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In het programma Heilige Huisjes op de christelijke zender Groot Nieuws Radio stond op maandagmiddag 18 juni 2012 de volgende stelling centraal: "Ook al heb je niets te verbergen, de overheid heeft niet het recht jou zomaar overal te kunnen bespieden." Namens Stichting Privacy First werd Vincent Böhre hierover uitgebreid geïnterviewd door presentatrice Tjitske Volkerink. Aan het einde van de uitzending nam ook journalist Frank Mulder deel aan het gesprek en gaf duiding aan het onderwerp privacy vanuit christelijk perspectief. Hieronder kunt u de hele uitzending terugluisteren:

Gepubliceerd in Privacy First in de media

Vanochtend vond in Genève de langverwachte Universal Periodic Review (UPR) van Nederland bij de Mensenrechtenraad van de Verenigde Naties plaats. In de aanloop naar deze 4-jaarlijkse sessie hadden Privacy First en diverse andere organisaties hun privacyzorgen over Nederland uitgebreid kenbaar gemaakt bij zowel de VN als bij vrijwel alle VN-lidstaten; meer hierover kunt u HIER lezen. De Nederlandse delegatie bij de UPR-sessie werd geleid door minister Liesbeth Spies (BZK). Opvallend in het opening statement van minister Spies was de volgende passage over privacy:

"The need to strike a balance between different interests has sometimes been hotly debated in the Dutch political arena, for example in the context of privacy measures and draft legislation limiting privacy. The compatibility of this kind of legislation with human rights standards is of utmost importance. This requires a thorough scrutiny test, which is guaranteed by our professionals and institutions. Improvements in this regard have been made when necessary, especially in the starting phase of new draft legislation. This has been done in the field of privacy, where making Privacy Impact Assessments (PIAs), describing the modalities for the planned processing of personal data, are compulsory now." (pp. 5-6, cursivering SPF)

Een "thorough scrutiny test" en verplichte Privacy Impact Assessments zijn de termen die Privacy First hierin positief opvielen.

Voorafgaand aan de UPR-sessie had het Verenigd Koninkrijk reeds de volgende vraag aan Nederland voorgelegd: "Given recent concerns about data collection and security, including the unintended consequences of cases of identity theft, does the Netherlands have plans for measures to ensure more comprehensive oversight of the collection, use and retention of personal data?" (Bron) Namens Nederland beantwoordde minister Spies deze vraag vanochtend in Genève als volgt: "On the review of our laws on data protection, The Netherlands are currently working on a legislative proposal on data breach notification, following announcements of this proposal in the present coalition agreement. The proposal, which would require those responsible for personal data to notify the data protection authorities in case of "leakage" of personal data with specific risks for privacy (including identity theft), is expected to be tabled in Parliament in the coming months." Dit antwoord is nogal summier en bevat helaas geen nieuws. Wel zal een nieuwe Nederlandse wet met een meldplicht voor datalekken hopelijk ook als best practice voor andere VN-lidstaten kunnen gaan gelden. De credits hiervoor gaan naar onze collega's van Bits of Freedom die zich hiervoor lang hebben ingezet.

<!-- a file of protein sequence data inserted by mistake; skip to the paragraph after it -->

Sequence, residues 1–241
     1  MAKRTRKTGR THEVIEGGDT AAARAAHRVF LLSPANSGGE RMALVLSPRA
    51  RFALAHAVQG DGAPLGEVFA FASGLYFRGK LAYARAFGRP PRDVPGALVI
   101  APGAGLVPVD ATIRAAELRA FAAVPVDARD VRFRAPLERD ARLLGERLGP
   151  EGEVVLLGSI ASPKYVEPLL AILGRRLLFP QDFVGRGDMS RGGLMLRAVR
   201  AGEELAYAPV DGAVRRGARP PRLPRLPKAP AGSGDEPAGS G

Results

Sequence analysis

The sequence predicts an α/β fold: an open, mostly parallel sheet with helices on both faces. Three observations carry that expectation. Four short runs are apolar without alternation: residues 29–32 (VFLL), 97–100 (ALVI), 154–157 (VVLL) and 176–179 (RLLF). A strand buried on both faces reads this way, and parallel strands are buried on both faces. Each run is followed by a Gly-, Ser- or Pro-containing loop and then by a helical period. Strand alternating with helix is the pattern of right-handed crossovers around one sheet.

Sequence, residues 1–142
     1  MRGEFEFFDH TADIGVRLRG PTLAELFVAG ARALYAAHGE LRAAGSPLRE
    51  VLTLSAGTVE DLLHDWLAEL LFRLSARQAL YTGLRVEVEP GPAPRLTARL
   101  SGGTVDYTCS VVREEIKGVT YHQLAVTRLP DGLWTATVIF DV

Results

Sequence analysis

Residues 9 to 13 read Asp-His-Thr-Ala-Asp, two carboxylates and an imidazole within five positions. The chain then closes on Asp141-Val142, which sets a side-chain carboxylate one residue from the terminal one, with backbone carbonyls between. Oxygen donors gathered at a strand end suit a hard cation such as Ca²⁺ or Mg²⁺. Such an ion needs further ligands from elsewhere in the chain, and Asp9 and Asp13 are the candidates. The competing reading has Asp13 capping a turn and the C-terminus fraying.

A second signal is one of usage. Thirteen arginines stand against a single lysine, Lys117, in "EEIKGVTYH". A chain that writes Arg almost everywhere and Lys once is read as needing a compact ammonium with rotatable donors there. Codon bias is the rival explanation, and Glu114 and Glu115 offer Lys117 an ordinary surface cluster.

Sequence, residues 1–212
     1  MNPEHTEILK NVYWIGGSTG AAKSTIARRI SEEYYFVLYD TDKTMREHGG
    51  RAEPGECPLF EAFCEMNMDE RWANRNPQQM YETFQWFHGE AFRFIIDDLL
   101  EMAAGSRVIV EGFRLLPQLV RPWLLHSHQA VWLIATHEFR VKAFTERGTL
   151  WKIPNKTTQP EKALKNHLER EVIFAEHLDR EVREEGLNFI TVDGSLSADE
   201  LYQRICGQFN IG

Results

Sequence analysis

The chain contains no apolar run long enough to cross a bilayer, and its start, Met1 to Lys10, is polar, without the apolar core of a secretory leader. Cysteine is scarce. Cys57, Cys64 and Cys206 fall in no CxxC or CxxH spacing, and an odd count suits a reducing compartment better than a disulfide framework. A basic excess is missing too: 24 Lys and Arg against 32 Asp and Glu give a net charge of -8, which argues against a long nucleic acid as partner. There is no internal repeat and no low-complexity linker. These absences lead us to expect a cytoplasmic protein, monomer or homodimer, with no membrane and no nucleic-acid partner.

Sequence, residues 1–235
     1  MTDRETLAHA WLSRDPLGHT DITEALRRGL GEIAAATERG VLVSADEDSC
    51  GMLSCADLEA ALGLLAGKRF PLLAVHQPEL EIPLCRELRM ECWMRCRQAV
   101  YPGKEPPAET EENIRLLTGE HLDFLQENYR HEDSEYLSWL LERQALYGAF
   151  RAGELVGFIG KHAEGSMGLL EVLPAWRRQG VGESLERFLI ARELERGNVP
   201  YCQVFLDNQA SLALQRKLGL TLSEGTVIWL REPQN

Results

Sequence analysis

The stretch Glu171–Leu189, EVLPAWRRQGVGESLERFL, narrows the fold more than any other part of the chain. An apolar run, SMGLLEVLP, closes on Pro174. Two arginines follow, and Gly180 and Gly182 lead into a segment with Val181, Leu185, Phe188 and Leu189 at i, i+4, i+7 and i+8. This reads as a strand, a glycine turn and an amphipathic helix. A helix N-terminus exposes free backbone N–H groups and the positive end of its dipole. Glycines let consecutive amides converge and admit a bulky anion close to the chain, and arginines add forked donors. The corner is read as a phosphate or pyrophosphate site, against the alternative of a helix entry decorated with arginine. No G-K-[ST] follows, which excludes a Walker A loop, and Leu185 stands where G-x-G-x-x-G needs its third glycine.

Tijdens de UPR-sessie noemde Estland de bescherming van privacy en persoonsgegevens een "human rights challenge of the 21st century". Het onderwerp privacy werd vervolgens kritisch aan de orde gesteld door Marokko: "Quelles sont les mesures concrètes entreprises par les autorités néerlandaises pour sécuriser l'utilisation des donnés personnelles?" De Filippijnen brachten het recht op privacy eveneens ter sprake, maar slechts als volgt: "The Philippine delegation appreciates the frank assessment of the Netherlands of the obstacles and challenges it has to hurdle in the implementation of the right to privacy especially in the area of protection of personal information." Kwalitatief beter was het commentaar van Griekenland, India, Rusland en Oezbekistan. Griekenland stelde preventief fouilleren aan de orde: "We take note of reports regarding the issue of preventive body searches. We recommend that the Netherlands ensure that in its application of preventive body searches, all relevant human rights are adequately protected, in particular the right to privacy and physical integrity and the prohibition of discrimination on the basis of race and religion." India sprak Nederland aan op het etnisch profileren van burgers: "We encourage the Dutch Government to take concrete measures to combat discrimination including discrimination by the Government such as ethnic profiling." Ook Rusland adviseerde Nederland "to introduce measures to stamp out discrimination arising as a result of the practice of racist, ethnic or religious profiling." Oezbekistan sprak Nederland hier eveneens op aan: "We are concerned over the existence of information on the increasingly broad use by the police of racist profiling."